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Produced by David Widger




MOTLEY'S HISTORY OF THE NETHERLANDS

THE RISE OF THE DUTCH REPUBLIC, VOLUME III.

By John Lothrop Motley

1855




CHAPTER III. 1574-1576

Latter days of the Blood Council - Informal and insincere
negotiations for peace - Characteristics of the negotiators and of
their diplomatic correspondence - Dr. Junius - Secret conferences
between Dr. Leoninus and Orange - Steadfastness of the Prince -
Changes in the internal government of the northern provinces -
Generosity and increasing power of the municipalities - Incipient
jealousy in regard to Orange rebuked - His offer of resignation
refused by the Estates - His elevation to almost unlimited power -
Renewed mediation of Maximilian - Views and positions of the parties
- Advice of Orange - Opening of negotiations at Breda - Propositions
and counter-propositions - Adroitness of the plenipotentiaries on
both sides - Insincere diplomacy and unsatisfactory results - Union of
Holland and Zealand under the Prince of Orange - Act defining his
powers - Charlotte de Bourbon - Character, fortunes, and fate of Anna
of Saxony - Marriage of Orange with Mademoiselle de Bourbon -
Indignation thereby excited - Horrible tortures inflicted upon
Papists by Sonoy in North Holland - Oudewater and Schoonoven taken by
Hierges - The isles of Zealand - A submarine expedition projected -
Details of the adventure - Its entire success - Death of Chiappin
Vitelli - Deliberations in Holland and Zealand concerning the
renunciation of Philip's authority - Declaration at Delft - Doubts as
to which of the Great Powers the sovereignty should be offered -
Secret international relations - Mission to England - Unsatisfactory
negotiations with Elizabeth - Position of the Grand Commander - Siege
of Zieriekzee - Generosity of Count John - Desperate project of the
Prince - Death and character of Requesens.

The Council of Troubles, or, as it will be for ever denominated in
history, the Council of Blood, still existed, although the Grand
Commander, upon his arrival in the Netherlands, had advised his sovereign
to consent to the immediate abolition of so odious an institution. Philip
accepting the advice of his governor and his cabinet, had accordingly
authorized him by a letter of the 10th of March, 1574, to take that step
if he continued to believe it advisable.

Requesens had made use of this permission to extort money from the
obedient portion of the provinces. An assembly of deputies was held at
Brussels on the 7th of June, 1574, and there was a tedious interchange of
protocols, reports, and remonstrances. The estates, not satisfied with
the extinction of a tribunal which had at last worn itself out by its own
violence, and had become inactive through lack of victims, insisted on
greater concessions. They demanded the departure of the Spanish troops,
the establishment of a council of Netherlanders in Spain for Netherland
affairs, the restoration to offices in the provinces of natives and
natives only; for these drawers of documents thought it possible, at that
epoch, to recover by pedantry what their brethren of Holland and Zealand
were maintaining with the sword. It was not the moment for historical
disquisition, citations from Solomon, nor chopping of logic; yet with
such lucubrations were reams of paper filled, and days and weeks
occupied. The result was what might have been expected. The Grand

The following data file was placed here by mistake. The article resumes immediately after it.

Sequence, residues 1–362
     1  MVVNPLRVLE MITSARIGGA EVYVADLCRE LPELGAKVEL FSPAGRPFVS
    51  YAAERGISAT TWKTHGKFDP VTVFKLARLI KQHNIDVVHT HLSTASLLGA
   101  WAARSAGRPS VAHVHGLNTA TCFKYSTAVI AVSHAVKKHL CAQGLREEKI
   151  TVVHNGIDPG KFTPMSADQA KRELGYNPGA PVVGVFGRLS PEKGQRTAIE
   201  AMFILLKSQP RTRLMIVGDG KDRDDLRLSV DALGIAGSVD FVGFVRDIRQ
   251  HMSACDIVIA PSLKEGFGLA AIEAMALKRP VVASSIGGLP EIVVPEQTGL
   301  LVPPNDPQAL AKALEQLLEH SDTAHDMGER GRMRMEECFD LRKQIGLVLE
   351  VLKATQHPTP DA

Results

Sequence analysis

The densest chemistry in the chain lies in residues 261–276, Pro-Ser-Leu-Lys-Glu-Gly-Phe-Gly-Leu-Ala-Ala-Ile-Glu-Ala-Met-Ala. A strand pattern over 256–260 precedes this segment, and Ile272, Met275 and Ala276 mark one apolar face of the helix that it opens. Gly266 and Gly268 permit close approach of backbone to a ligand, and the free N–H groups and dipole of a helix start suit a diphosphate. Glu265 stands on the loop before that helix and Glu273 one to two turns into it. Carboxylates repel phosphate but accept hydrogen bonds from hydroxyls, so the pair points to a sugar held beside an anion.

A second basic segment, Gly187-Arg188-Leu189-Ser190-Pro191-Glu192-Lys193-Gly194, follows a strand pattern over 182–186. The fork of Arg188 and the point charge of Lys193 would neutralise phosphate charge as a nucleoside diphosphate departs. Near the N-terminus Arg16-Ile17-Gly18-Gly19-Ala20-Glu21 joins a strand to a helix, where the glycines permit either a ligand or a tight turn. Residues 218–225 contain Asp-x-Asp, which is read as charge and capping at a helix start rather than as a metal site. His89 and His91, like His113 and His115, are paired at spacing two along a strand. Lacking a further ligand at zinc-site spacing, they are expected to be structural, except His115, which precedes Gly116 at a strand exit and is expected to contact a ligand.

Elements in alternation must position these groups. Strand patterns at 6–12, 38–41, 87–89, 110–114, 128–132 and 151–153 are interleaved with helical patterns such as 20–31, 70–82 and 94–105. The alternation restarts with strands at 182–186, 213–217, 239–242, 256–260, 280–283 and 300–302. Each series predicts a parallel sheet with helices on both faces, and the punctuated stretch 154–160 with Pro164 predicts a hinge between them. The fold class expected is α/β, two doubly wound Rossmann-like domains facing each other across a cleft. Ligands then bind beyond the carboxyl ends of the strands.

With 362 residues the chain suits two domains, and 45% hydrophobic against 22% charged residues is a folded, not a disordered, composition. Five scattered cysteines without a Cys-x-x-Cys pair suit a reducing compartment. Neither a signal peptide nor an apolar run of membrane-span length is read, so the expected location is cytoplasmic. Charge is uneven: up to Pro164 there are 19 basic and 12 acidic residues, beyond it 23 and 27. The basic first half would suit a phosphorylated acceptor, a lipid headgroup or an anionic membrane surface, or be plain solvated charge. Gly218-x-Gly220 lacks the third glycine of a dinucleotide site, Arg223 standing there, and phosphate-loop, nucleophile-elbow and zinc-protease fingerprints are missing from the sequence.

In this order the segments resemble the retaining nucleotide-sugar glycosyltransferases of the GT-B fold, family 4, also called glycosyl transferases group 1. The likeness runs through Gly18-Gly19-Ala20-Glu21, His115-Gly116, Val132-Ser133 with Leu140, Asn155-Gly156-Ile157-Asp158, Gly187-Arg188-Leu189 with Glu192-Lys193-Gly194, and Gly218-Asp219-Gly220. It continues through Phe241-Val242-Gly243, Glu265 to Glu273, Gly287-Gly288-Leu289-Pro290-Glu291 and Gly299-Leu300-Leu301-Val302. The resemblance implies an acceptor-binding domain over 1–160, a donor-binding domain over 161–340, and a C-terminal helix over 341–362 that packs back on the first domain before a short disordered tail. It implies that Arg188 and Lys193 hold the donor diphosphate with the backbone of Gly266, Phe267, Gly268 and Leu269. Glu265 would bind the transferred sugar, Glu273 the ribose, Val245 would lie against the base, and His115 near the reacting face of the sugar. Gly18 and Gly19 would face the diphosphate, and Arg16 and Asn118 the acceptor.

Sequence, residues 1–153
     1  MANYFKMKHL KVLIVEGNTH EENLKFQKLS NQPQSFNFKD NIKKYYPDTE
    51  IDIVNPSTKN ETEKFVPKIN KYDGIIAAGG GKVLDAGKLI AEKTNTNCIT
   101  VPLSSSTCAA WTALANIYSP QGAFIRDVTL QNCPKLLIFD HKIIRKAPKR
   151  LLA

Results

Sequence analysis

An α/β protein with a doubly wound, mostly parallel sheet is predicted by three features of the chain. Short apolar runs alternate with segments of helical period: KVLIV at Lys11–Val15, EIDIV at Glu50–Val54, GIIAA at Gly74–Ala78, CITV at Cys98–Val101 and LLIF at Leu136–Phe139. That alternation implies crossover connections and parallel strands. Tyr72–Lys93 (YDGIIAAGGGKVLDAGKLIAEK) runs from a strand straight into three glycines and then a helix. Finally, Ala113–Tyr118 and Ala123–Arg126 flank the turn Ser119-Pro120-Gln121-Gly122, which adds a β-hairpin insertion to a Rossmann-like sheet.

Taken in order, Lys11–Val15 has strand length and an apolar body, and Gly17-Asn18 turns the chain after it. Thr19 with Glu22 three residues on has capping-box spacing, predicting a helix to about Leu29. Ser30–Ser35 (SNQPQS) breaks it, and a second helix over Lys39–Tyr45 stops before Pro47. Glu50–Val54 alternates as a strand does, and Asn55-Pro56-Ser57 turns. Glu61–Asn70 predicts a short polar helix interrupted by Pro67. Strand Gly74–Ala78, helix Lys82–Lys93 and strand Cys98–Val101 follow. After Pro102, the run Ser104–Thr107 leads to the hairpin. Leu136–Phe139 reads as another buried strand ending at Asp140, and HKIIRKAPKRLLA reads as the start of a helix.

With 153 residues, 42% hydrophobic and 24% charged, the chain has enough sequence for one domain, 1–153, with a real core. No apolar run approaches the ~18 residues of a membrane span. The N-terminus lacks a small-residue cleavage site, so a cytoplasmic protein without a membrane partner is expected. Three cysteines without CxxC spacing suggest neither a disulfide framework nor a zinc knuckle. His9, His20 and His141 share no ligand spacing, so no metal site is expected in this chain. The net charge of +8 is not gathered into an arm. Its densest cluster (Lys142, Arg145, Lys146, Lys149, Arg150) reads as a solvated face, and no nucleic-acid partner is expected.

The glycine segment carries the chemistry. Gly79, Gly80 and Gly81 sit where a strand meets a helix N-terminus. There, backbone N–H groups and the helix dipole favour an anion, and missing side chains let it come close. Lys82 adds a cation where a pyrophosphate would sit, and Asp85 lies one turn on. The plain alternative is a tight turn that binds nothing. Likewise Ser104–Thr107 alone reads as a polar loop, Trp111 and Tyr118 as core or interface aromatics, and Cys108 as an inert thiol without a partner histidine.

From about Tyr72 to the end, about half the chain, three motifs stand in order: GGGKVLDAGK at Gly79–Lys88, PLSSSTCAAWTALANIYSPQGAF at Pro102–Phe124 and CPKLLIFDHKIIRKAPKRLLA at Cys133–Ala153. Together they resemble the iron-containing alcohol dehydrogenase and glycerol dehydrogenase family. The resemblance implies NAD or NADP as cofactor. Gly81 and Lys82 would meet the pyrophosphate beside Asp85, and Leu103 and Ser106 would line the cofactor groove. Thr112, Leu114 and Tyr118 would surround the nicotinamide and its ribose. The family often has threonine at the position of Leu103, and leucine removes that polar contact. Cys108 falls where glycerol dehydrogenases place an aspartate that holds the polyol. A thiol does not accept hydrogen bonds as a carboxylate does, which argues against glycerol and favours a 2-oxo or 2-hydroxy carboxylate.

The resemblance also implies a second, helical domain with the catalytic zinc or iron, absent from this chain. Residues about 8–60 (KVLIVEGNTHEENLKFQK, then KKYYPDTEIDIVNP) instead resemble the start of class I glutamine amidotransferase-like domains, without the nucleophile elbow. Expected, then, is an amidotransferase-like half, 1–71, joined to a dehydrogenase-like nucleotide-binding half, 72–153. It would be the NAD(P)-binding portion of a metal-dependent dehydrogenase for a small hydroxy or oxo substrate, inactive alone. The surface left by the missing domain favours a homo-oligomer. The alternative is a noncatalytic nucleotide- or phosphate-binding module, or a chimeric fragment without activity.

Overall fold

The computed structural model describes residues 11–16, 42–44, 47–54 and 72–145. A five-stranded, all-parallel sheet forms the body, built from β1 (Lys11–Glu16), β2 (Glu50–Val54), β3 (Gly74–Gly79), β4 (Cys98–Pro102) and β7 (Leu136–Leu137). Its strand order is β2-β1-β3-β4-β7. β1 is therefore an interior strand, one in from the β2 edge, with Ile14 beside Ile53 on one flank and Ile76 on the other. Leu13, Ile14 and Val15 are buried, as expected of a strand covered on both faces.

Commander obtained but little money; the estates obtained none of their
demands; and the Blood Council remained, as it were, suspended in
mid-air. It continued to transact business at intervals during the
administration of Requesens, and at last, after nine years of existence,
was destroyed by the violent imprisonment of the Council of State at
Brussels. This event, however, belongs to a subsequent page of this
history.

Noircarmes had argued, from the tenor of Saint Aldegonde's letters, that
the Prince would be ready to accept his pardon upon almost any terms.
Noircarmes was now dead, but Saint Aldegonde still remained in prison,
very anxious for his release, and as well disposed as ever to render
services in any secret negotiation. It will be recollected that, at the
capitulation of Middelburg, it had been distinctly stipulated by the
Prince that Colonel Mondragon should at once effect the liberation of
Saint Aldegonde, with certain other prisoners, or himself return into
confinement. He had done neither the one nor the other. The patriots
still languished in prison, some of them being subjected to exceedingly
harsh treatment, but Mondragon, although repeatedly summoned as an
officer and a gentleman, by the Prince, to return to captivity, had been
forbidden by the Grand Commander to redeem his pledge.

Saint Aldegonde was now released from prison upon parole, and despatched
on a secret mission to the Prince and estates. As before, he was
instructed that two points were to be left untouched - the authority of
the King and the question of religion. Nothing could be more preposterous
than to commence a negotiation from which the two important points were
thus carefully eliminated. The King's authority and the question of
religion covered the whole ground upon which the Spaniards and the
Hollanders had been battling for six years, and were destined to battle
for three-quarters of a century longer. Yet, although other affairs might
be discussed, those two points were to be reserved for the more
conclusive arbitration of gunpowder. The result of negotiations upon such
a basis was easily to be foreseen. Breath, time, and paper were profusely
wasted and nothing gained. The Prince assured his friend, as he had done
secret agents previously sent to him, that he was himself ready to leave
the land, if by so doing he could confer upon it the blessing of peace;
but that all hopes of reaching a reasonable conclusion from the premises
established was futile. The envoy treated also with the estates, and
received from them in return an elaborate report, which was addressed
immediately to the King. The style of this paper was bold and blunt, its
substance bitter and indigestible. It informed Philip what he had heard